Ignatian Spirituality is known for finding God in all things and being very practical. There is such a beauty in recognizing God in the ordinary, everyday moments: a cool breeze, birds chirping, and a giant hug from my children when I pick them up from school just to name a few. We can also find God when we are discerning a major change. These big (or even not as big) decisions become discernment when we include God in the process. Today, we will walk through the four steps of discernment. I’ve used this process both formally and less intentionally many times in my life. Here, I would like to share how our family used these steps to help us discern the decision between me being a working mom or stay at home mom when I was expecting our second child.
We found out I was pregnant with our first son when our daughter was about 16 months old. We had moved back home to Louisiana only a few months before. As I started a new job teaching, there was a season of transition as our daughter and I adjusted to her no longer coming to work with me to attending daycare.
The transition to sending my daughter to daycare was not easy for me. I struggled for months not being there in the morning when she woke up and never being able to drop her off at daycare since my morning started earlier than my husband’s. We all eventually adjusted and settled into our new routine, our new normal. As the school year and my pregnancy continued, we started our search for a daycare spot for our baby-to-be. As we were looking at different places, we realized having two children only 23 months apart in daycare was going to be quite the expense! Once we realized almost the entirety of my paycheck would go to paying for daycare, we had a decision to make- would I go back to work, or would I stay home with our children?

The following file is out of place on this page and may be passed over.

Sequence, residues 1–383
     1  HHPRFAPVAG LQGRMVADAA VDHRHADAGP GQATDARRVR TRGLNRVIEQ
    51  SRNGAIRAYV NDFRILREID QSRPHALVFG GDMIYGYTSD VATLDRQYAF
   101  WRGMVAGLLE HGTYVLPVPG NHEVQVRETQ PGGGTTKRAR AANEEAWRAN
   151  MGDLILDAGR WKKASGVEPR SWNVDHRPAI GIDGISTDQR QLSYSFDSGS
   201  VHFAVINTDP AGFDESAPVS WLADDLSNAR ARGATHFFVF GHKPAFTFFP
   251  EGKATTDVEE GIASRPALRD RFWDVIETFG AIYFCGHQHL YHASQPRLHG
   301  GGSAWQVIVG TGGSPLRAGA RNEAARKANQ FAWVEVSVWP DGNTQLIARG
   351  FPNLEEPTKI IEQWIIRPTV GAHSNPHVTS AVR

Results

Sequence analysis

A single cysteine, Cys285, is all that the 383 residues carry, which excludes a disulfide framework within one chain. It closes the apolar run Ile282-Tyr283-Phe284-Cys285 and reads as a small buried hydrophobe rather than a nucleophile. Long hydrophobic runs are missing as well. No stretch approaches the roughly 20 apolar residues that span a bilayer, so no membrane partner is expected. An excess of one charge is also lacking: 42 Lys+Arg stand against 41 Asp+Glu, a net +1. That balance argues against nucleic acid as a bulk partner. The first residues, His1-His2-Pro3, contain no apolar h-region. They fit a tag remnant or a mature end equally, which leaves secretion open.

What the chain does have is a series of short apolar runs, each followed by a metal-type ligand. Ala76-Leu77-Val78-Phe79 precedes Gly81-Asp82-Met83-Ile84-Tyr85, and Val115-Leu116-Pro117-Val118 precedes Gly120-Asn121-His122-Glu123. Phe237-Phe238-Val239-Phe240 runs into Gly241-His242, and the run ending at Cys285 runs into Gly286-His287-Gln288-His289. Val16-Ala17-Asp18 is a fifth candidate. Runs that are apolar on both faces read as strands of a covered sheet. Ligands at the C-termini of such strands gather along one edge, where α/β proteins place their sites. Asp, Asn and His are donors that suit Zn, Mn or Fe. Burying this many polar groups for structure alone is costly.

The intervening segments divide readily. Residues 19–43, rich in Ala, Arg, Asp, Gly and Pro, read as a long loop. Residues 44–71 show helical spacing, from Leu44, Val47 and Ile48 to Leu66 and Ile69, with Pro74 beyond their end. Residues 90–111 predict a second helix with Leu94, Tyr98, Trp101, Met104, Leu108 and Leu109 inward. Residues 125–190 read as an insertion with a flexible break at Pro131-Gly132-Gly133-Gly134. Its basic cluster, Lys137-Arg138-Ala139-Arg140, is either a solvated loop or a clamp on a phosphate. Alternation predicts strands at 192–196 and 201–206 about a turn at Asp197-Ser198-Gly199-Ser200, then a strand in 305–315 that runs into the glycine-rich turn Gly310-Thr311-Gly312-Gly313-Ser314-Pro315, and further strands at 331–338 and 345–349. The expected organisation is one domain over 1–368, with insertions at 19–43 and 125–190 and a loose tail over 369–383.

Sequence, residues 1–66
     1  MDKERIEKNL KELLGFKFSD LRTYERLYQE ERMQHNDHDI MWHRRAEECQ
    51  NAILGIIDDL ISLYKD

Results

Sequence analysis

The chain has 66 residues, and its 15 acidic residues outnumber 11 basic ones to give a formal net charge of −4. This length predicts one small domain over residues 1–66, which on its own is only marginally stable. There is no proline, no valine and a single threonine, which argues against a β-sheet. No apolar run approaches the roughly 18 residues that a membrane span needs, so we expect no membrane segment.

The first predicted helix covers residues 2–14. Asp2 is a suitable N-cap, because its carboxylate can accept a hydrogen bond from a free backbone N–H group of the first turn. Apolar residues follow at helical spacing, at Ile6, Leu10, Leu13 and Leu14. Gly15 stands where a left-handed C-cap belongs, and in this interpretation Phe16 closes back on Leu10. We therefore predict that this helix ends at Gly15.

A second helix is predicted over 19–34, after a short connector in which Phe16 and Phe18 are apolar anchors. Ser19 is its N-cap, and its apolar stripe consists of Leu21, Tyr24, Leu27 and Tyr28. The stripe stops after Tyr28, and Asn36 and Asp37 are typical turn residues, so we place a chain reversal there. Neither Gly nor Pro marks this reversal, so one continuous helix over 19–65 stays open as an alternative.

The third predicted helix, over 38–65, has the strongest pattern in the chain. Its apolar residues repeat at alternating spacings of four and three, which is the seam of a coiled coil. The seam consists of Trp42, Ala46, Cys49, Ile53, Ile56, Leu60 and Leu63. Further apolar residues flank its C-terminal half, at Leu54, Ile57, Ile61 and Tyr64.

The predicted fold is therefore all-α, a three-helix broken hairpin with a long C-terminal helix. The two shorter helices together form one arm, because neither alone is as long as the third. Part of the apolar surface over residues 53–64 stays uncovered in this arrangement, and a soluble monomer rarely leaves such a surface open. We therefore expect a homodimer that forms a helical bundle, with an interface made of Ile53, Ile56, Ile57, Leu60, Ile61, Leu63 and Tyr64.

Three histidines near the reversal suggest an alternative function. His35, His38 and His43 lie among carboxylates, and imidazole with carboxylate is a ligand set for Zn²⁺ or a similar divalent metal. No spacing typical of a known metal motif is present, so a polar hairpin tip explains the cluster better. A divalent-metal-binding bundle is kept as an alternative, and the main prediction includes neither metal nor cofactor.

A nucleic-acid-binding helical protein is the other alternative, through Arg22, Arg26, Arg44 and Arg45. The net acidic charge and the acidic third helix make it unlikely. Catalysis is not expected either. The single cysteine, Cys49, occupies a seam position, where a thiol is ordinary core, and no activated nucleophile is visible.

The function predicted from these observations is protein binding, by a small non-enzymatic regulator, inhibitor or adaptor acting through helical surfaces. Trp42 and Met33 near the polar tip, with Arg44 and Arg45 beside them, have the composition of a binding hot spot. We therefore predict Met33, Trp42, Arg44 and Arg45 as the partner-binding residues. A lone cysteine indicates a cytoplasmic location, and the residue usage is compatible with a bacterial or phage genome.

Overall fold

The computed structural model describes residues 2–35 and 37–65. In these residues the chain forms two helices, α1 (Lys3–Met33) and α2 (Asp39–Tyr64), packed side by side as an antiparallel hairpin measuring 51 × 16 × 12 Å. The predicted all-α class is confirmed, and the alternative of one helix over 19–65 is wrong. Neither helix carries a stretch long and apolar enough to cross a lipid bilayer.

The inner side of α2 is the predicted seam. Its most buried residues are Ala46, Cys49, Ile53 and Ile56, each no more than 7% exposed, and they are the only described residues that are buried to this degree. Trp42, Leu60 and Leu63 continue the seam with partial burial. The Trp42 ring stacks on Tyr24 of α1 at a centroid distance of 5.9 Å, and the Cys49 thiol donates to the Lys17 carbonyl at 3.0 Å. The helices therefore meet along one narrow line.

I became overwhelmed with the decision I had to make. My husband was supportive either way, it was really my choice to make. I quickly realized I needed to bring my overwhelming decision to God in prayer. I told God about all my mixed emotions. I asked my parents and my in-laws what they thought I should do, and told them my concerns for both choices.
After this, I was still not ready to decide, so I gathered my data. The thought of leaving my tiny baby in daycare made me feel guilty. I quickly realized this guilt could be fear of the unknown, so I continued to ponder my decision with my husband and with God in prayer. With no clear answer in mind, I took out a notebook and leaned on one of Ignatius’ tools, make a pro/con list. I listed all the pros of staying home and the pros of returning to work. I also listed the cons for each. Neither of my lists were very long, but simply writing down the different reasons I wanted to return to work and the reasons I wanted to stay home helped me come to a decision free of any guilt. After writing my list and bringing this list to prayer (and to my husband and my Dad), I was ready to come to a decision.
While I knew the gap on my resume may not be ideal for future employment, after much discernment, I made the decision to stay home with our children.I felt consolation in this decision because I felt a new sense of confidence after this discernment process, which helped me to remember I made this decision after several prayerful conversations with God. I knew I was fortunate to have the choice to stay home with them, and I felt reassurance that work would be there for me when I was ready to return. I lived into this decision by continuing to work until our sweet baby was born that April. Once our discernment was complete, I felt such freedom knowing my husband and I had not made this decision alone, we made it with God.
Over the next several years, the urge to return to work would come and go, and I would bring it back to God in prayer. More than once I was able to hear the whisper from God, “not yet” and trusted I was where God wanted me to be. When it was time for me to return to work, God made it clear to me in prayer, and my job basically fell into my lap! I realized these decisions, these discernment moments became much easier and less overwhelming when I remembered I was not doing this alone, God was with me every step of the way.
Over the next several weeks, our Into the Deep writers will go even deeper into the different parts of the four steps of discernment. If there is a choice you are trying to discern yourself, check out our Four Steps of Discernment handout. And don’t forget to bring what you are discerning to God!
- Check out our discernment resources here.
- The next time you are discerning something, consider using our Four Steps of Discernment handout.
- Read about the Four Strategies for Discernment from Vinita Hampton Wright.
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